Welcome aboard the USS Billfish (SSN 676)  
"The Spirit of '76"






The USS Billfish is a nuclear powered 'Fast Attack' submarine. The responsibility of the Fast Attack boat, or 'hunter/killer' includes not only her traditional role as a seek and destroy weapon which can detect, track, and if necessary, destroy enemy submarines and shipping at great ranges, but she is also a highly stealthy intelligence gathering platform. The Billfish, along with her sister submarines serving in all parts of the world, provide our military with pieces of a sophisticated jigsaw puzzle which give us a vital edge over enemies of the United States.









 
Captain Okeson on the scope







 
Click for a Mark 48 ADCAP torpedo demonstration






USS BILLFISH MODEL
(Commisioned by LT Steve Slavichak)
Click for more pictures of this neat model




The Billfish is a 637 or 'Sturgeon' class submarine, 37 of this class were built








The Original Billfish


The present Billfish is the second US Navy submarine to bear the name. The original USS Billfish (SS 286) was built by Portsmouth Naval Shipyard in Portsmouth, New Hampshire. Following her commissioning on 20 April 1943, she was assigned to the Pacific Fleet. She earned seven Battle Stars on the Asiatic Pacific Service Ribbon for war patrols conducted from 12 August 1943 to 15 August 1945, and is officially credited with sinking 22,450 tons of enemy shipping.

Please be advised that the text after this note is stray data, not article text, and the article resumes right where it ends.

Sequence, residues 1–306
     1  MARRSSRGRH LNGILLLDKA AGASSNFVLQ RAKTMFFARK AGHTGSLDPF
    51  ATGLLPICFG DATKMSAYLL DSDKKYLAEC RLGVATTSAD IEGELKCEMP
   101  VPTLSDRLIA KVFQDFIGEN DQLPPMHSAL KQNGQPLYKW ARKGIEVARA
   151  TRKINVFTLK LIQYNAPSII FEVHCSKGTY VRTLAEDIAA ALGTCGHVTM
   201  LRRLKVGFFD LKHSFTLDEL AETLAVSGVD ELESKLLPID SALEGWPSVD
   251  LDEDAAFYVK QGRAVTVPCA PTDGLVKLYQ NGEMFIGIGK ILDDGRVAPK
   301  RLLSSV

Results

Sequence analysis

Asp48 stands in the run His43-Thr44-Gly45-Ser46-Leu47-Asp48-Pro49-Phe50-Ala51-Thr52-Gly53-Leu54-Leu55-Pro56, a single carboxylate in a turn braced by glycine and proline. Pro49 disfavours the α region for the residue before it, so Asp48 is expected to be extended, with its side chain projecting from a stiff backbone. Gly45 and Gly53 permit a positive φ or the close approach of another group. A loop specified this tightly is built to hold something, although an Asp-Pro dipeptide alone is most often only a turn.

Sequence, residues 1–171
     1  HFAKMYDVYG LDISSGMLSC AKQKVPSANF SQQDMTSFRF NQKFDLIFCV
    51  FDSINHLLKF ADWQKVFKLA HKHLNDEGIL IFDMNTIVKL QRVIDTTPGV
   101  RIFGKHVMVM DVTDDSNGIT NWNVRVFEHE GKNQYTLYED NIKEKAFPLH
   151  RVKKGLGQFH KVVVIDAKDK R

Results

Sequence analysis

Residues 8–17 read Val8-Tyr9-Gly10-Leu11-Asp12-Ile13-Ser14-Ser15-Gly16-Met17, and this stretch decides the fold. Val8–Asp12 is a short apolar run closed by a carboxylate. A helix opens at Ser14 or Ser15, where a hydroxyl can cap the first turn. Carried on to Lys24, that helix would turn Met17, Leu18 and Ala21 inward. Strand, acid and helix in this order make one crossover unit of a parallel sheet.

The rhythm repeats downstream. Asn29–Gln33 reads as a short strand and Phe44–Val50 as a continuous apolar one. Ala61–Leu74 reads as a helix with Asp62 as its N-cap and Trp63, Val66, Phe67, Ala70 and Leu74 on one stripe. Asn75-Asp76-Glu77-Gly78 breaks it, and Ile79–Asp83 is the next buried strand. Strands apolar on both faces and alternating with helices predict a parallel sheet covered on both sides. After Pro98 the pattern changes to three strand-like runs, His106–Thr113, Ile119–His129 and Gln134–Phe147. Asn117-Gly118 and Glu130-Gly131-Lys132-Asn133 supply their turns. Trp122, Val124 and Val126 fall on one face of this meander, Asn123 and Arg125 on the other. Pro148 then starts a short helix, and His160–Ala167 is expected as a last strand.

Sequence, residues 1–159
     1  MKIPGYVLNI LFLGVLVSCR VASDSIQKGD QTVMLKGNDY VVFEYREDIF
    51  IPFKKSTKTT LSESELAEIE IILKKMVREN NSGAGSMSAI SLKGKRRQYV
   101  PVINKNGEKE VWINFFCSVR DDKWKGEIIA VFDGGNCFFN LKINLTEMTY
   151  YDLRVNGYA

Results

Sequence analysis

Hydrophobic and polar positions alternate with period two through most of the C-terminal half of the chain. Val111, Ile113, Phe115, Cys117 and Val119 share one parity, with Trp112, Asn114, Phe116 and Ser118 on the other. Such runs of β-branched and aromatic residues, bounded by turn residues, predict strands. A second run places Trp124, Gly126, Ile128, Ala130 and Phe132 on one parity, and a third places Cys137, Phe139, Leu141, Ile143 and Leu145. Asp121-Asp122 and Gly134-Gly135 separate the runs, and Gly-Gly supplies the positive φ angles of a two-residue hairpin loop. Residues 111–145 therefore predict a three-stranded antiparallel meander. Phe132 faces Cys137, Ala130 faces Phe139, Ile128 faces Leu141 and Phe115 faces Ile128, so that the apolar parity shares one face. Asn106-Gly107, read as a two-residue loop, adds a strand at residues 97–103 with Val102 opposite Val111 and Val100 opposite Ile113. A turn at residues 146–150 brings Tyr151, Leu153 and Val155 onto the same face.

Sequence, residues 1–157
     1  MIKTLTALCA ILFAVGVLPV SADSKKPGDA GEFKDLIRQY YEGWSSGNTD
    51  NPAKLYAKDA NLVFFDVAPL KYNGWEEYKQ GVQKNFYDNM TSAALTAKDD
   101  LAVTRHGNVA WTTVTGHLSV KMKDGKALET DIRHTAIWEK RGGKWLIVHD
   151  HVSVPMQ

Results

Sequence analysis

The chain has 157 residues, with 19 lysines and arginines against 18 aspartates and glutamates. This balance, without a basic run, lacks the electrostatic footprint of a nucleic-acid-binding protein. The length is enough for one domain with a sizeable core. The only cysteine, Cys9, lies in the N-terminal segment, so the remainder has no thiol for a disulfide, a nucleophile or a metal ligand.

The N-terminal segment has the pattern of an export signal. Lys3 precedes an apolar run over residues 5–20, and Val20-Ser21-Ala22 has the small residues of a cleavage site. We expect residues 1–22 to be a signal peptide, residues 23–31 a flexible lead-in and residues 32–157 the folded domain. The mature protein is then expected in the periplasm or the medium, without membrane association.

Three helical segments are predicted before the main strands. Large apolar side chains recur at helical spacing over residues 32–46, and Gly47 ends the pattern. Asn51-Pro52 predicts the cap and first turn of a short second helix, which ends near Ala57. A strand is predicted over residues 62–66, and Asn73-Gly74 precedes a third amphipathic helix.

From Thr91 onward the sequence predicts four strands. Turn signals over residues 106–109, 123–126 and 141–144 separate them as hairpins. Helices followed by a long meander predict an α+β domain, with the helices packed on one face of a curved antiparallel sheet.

USS Billfish SS 286








          

Dolphins   











 
Insignia of the USS Billfish
Note: the insignia, which is identical to the ship's patch,
was designed by Gary Holt, a plankowner in the Sonar
Division







Specifications

Displacement -  4229 tons (surfaced), 4762 tons (submerged)
Length -  297 '
Beam -  31.8 '
Speed -  > 25 knots (submerged)
Depth - > 400 '
Torpedo Tubes qty - 4  Tube diameter -21" -  located amidships aft of bow
Crew complement 12 officers - 95 enlisted men
Class - "STURGEON"
Keel laid down by Electric Boat Div., General Dynamics Corp., Groton, CT, 20 SEP 68;
Launched: 1 MAY 70; Sponsored by Mrs. Earle G. Wheeler;
Commissioned: 12 MAR 71 with CDR Richard M. Hughes in command;
Deactivated: 4 JAN 99.










 

Why do men choose submarines?